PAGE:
Table of Contents

The International Handbook of Environmental Sociology, Second Edition

The International Handbook of Environmental Sociology, Second Edition

Elgar original reference

Edited by Michael R. Redclift and Graham Woodgate

This thoroughly revised Handbook provides an assessment of the scope and content of environmental sociology, and sets out the intellectual and practical challenges posed by the urgent need for policy and action to address accelerating environmental change.

Chapter 2: Social Institutions and Environmental Change

Frederick H. Buttel

Subjects: environment, environmental geography, environmental politics and policy, environmental sociology, politics and public policy, environmental politics and policy, social policy and sociology, sociology and sociological theory


1 Frederick H. Buttel Introduction Many environmental sociologists think of their scholarly speciality as being the study of social institutions and environmental change. But while the analysis of social institutions and environmental change could in some sense be said to encompass the whole of environmental sociology, the purpose of this chapter will be to examine institutional aspects of environmental change in a more specific and focused way. Our emphasis here will be on some of the major issues, particularly within North American environmental sociology, concerning the role of political–economic and sociocultural institutions in shaping environmental degradation and change. The notion of ‘institution’ is one of the most common sociological concepts. But the notion is so commonplace in sociology, and so much a part of ordinary language, that it is often used in a vague or imprecise way. In this chapter we understand institution to refer to specific or special clusters of norms and relationships that channel behaviour so as to meet some human physical, psychological or social need such as consumption, governance and protection, primordial bonding and human meaning, human faith, and socialization and learning. Thus we may speak of economic, political, family, religious and educational institutions – the five institutional complexes of societies that are generally regarded by sociologists as being most important. While institutions and institutional processes are analytically distinct with respect to one another, and tend to exhibit some autonomy or specialization, institutions of a society are also interrelated (or, to be more precise, people through their...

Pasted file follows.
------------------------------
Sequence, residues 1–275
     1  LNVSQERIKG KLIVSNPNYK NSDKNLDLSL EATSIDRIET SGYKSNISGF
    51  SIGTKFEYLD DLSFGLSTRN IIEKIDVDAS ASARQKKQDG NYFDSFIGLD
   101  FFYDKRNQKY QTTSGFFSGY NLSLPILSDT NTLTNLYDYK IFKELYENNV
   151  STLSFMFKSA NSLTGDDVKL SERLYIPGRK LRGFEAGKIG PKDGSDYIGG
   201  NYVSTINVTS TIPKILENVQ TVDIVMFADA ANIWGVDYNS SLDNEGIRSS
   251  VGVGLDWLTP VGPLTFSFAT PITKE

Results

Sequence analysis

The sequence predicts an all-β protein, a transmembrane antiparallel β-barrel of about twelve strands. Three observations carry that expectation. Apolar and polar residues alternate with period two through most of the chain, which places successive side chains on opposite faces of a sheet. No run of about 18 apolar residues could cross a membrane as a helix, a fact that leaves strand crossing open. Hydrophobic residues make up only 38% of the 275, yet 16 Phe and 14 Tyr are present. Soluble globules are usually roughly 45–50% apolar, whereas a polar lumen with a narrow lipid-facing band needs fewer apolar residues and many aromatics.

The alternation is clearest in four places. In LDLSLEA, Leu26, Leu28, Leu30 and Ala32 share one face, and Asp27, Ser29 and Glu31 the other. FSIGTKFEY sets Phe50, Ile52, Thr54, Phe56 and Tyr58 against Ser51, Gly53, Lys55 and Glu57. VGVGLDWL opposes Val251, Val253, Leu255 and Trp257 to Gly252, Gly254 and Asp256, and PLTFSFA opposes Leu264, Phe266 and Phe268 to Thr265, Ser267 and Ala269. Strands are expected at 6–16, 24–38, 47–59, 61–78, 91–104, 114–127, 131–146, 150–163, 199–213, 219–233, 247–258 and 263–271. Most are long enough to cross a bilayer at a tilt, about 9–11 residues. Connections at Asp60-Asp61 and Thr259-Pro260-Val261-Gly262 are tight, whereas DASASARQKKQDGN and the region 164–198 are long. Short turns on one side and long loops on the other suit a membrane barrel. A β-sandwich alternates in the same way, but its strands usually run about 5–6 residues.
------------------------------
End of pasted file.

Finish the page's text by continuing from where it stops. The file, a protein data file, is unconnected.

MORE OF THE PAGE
You are not authenticated to view the full text of this chapter or article.

Elgaronline requires a subscription or purchase to access the full text of books or journals. Please login through your library system or with your personal username and password on the homepage.

Non-subscribers can freely search the site, view abstracts/ extracts and download selected front matter and introductory chapters for personal use.

Your library may not have purchased all subject areas. If you are authenticated and think you should have access to this title, please contact your librarian.

Further information